utime – time related functions

The utime module provides functions for getting the current time and date, measuring time intervals, and for delays. utime supports a subset of the functionality of the CPython time module.

Time Epoch: uses standard for POSIX systems epoch of 1970-01-01 00:00:00 UTC.



Convert a time expressed in seconds since 1970 (see above) into a 9-tuple which contains: (year, month, mday, hour, minute, second, weekday, yearday, dst) If secs is not provided or None, then the current time from the RTC is used.

  • year includes the century (for example 2014).
  • month is 1-12
  • mday is 1-31
  • hour is 0-23
  • minute is 0-59
  • second is 0-59
  • weekday is 0-6 for Mon-Sun
  • yearday is 1-366
  • isdst is 0 (for compatibility)

This is the inverse function of localtime. It’s argument is a 9-tuple which expresses a time as per localtime. It returns a floating point number which is the number of seconds since Jan 1, 1970.


Sleep for the given number of seconds. Seconds is a floating-point number with millisecond resolution.


Delay for given number of milliseconds, should be positive or 0.


Delay for given number of microseconds, should be positive or 0


Returns an increasing millisecond counter with arbitrary reference point, that wraps after some (unspecified) value. The value should be treated as opaque, suitable for use only with ticks_diff().


Just like ticks_ms above, but in microseconds.


Similar to ticks_ms and ticks_us, but with higher resolution (usually CPU clocks).

utime.ticks_add(ticks, delta)

Offset ticks value by a given number, which can be either positive or negative. Given a ticks value, this function allows to calculate ticks value delta ticks before or after it, following modular-arithmetic definition of tick values (see ticks_ms() above). ticks parameter must be a direct result of call to ticks_ms(), ticks_us(), or ticks_cpu() functions (or from previous call to ticks_add()). However, delta can be an arbitrary integer number or numeric expression. ticks_add() is useful for calculating deadlines for events/tasks. (Note: you must use ticks_diff() function to work with deadlines.)


# Find out what ticks value there was 100ms ago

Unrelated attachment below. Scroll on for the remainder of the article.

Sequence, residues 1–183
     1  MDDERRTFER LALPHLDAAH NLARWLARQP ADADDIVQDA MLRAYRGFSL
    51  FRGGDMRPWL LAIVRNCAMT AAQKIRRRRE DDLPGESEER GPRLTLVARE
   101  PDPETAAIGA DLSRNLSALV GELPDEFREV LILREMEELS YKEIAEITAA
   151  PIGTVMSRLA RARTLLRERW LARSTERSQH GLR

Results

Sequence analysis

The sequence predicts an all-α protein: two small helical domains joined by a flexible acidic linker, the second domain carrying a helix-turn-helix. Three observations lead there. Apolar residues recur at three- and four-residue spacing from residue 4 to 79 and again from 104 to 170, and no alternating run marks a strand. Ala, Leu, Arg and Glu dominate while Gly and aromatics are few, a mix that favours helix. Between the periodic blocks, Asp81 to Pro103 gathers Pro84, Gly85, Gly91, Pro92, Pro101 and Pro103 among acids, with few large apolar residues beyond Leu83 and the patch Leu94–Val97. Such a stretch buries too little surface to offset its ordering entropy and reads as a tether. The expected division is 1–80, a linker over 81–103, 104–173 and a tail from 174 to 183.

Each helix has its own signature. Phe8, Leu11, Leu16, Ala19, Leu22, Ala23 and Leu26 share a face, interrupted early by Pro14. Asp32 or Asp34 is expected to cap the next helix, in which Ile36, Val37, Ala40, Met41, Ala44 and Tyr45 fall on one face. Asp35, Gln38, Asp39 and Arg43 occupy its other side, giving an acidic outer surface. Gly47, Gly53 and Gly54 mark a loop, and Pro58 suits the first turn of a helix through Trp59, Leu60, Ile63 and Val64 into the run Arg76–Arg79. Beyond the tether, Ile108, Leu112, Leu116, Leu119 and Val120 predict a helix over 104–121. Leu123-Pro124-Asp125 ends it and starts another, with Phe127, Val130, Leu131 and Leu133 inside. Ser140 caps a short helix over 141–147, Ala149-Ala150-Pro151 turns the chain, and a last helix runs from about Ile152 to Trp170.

print(ticks_add(time.ticks_ms(), -100))

# Calculate deadline for operation and test for it
deadline = ticks_add(time.ticks_ms(), 200)
while ticks_diff(deadline, time.ticks_ms()) > 0:

# Find out maximum ticks value)
print(ticks_add(0, -1))
utime.ticks_diff(old, new)

Measure period between consecutive calls to ticks_ms(), ticks_us(), or ticks_cpu(). The value returned by these functions may wrap around at any time, so directly subtracting them is not supported. ticks_diff() should be used instead. “old” value should actually precede “new” value in time, or result is undefined. This function should not be used to measure arbitrarily long periods of time (because ticks_*() functions wrap around and usually would have short period). The expected usage pattern is implementing event polling with timeout:

# Wait at most 500us for the battery voltage to climb to 12.5V
start = time.ticks_us()
while batt() < 12.5:
    if time.ticks_diff(start, time.ticks_us()) > 500:
        raise TimeoutError

Returns the number of seconds (as a floating point number) since Jan 1, 1970 with millisecond resolution.


Returns the number of milliseconds which have elapsed since start.

This function takes care of counter wrap, and always returns a positive number. This means it can be used to measure periods up to about 12.4 days.


start = utime.ticks_ms()
while utime.elapsed_millis(start) < 1000:
    # Perform some operation

Returns the number of microseconds which have elapsed since start.

This function takes care of counter wrap, and always returns a positive number. This means it can be used to measure periods up to about 17.8 minutes.


start = utime.ticks_us()
while utime.elapsed_micros(start) < 1000:
    # Perform some operation